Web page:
You may change your unused ngultrums back into US dollars on departure at Paro airport (including in the airport bookshop). Travellers departing overland didn't have this facility at the time of research. You may need to produce your original exchange receipts. Ngultrums are useless outside of Bhutan (except as a curiosity).
Bhutan has two major banks, the Bank of Bhutan (www.bob.bt) and the Bhutan National Bank (www.bnb.bt), each with branches throughout the country. Smaller banks with forex include T-Bank and Druk PNB, with branches in larger cities. In addition, you can change money at many hotels and some shops.
For those paying their own way, most hotels charge 10% Bhutan Sales Tax (BST) and a 10% service charge (or less commonly 5%). These taxes are included in the prices listed for hotels. Most restaurants will charge the same.
- Tour guides It is customary to tip your guide and driver at the end of an organised trip. Allow US$10 to US$15 per day for guides, and US$8 to US$10 per day for drivers.
- Hotels At your discretion, but hotel staff will appreciate a small tip for carrying your bags.
- Restaurants Restaurant bills include service tax and tipping is not common.
- Taxis It is not customary to tip taxi drivers.
Tipping on an Organised Tour
You will usually be accompanied throughout your visit to Bhutan by the same tour guide and often the same driver. While it is not official TCB policy, both your guide and driver will expect a tip at the end of the trip. Most people allow US$10 to US$15 per day for guides and US$8 to US$10 per day for drivers.
Many leaders on group tours take up a collection at the conclusion of the trip and hand it over in one packet. With a large group this can be a substantial amount and the practice has created high expectations on the part of Bhutanese guides. If arranging tips yourself, hand them over in individual envelopes the evening before you leave, as things get rushed and easily forgotten on the day of departure.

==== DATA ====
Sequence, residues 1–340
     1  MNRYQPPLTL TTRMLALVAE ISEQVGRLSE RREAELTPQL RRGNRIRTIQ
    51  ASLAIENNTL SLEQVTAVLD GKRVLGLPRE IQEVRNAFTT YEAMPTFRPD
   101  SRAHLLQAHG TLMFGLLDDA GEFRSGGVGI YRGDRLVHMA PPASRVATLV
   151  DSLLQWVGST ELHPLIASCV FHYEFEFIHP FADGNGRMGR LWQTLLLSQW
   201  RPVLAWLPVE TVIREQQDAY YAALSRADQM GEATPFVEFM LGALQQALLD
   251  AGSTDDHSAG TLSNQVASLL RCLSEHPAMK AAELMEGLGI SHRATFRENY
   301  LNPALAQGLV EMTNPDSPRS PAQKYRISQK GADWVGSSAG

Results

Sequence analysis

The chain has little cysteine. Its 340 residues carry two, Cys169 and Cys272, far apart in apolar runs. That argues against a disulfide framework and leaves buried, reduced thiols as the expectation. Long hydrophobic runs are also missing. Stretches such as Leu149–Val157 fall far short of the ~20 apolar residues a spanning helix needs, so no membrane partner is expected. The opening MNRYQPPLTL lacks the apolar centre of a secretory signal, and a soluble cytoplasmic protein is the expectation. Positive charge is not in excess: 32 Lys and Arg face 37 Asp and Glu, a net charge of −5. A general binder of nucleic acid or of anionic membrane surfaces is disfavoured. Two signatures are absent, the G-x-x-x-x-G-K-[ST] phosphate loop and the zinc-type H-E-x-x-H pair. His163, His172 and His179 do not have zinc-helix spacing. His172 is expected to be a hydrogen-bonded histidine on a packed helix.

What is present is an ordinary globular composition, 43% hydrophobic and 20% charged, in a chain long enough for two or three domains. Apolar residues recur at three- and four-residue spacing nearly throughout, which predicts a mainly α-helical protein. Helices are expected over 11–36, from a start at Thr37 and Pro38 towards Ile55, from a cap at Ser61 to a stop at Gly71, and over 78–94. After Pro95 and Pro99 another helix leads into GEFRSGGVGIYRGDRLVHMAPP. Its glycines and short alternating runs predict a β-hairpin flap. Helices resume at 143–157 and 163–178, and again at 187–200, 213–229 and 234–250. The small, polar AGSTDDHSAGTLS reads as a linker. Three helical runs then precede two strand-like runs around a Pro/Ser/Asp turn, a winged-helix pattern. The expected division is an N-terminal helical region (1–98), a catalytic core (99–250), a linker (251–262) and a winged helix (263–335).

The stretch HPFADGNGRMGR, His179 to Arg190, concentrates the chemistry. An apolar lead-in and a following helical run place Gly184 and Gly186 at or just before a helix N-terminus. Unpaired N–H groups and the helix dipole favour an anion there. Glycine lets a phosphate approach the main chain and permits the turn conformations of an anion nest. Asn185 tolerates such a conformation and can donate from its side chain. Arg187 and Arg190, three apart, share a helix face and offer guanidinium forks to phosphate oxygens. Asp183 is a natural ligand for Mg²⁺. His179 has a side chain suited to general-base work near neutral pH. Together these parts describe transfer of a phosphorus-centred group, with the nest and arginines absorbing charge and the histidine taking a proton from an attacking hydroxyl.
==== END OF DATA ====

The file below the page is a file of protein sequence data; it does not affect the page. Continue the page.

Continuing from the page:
If you've been trekking, it's appropriate to give a smaller tip to your guide, cook and waiter. Horsemen also expect tips, but these can be minimal if they are the owners of the horses or yaks and are making money by hiring out their animals. The stakes go up, however, if they have been especially helpful with camp chores and on the trail.
Travellers cheques can be exchanged at larger banks, but these are increasingly falling out of favour with travellers. Banks charge a 1% commission to exchange travellers cheques. You should carry only well-known brands such as American Express. There is no replacement facility for lost travellers cheques in Bhutan.
For current exchange rates, see www.xe.com.
Fixed Daily Rate: US$250
- All tourists must pay US$250 per person per day (US$200 a day from December to February and June to August), with a US$40/30 surcharge per person for those in a group of one/two. This covers accommodation, transport in Bhutan, a guide, food and entry fees, and includes a US$65 royalty that goes to the government.
- Possible extra charges include hot-stone baths, cultural shows, horse riding, rafting, mountain bikes and tips.
- Children under 12 years are exempt from the royalty component (US$65).
Budget: Less than US$150
- Only Indian tourists and foreign residents are able to set their own travel budgets.
- Budget hotel: US$20–40
- Restaurant meal in Thimphu: US$7–15
Top end: US$500–1750
- Luxury hotel: US$250–1500 above the daily US$250 tariff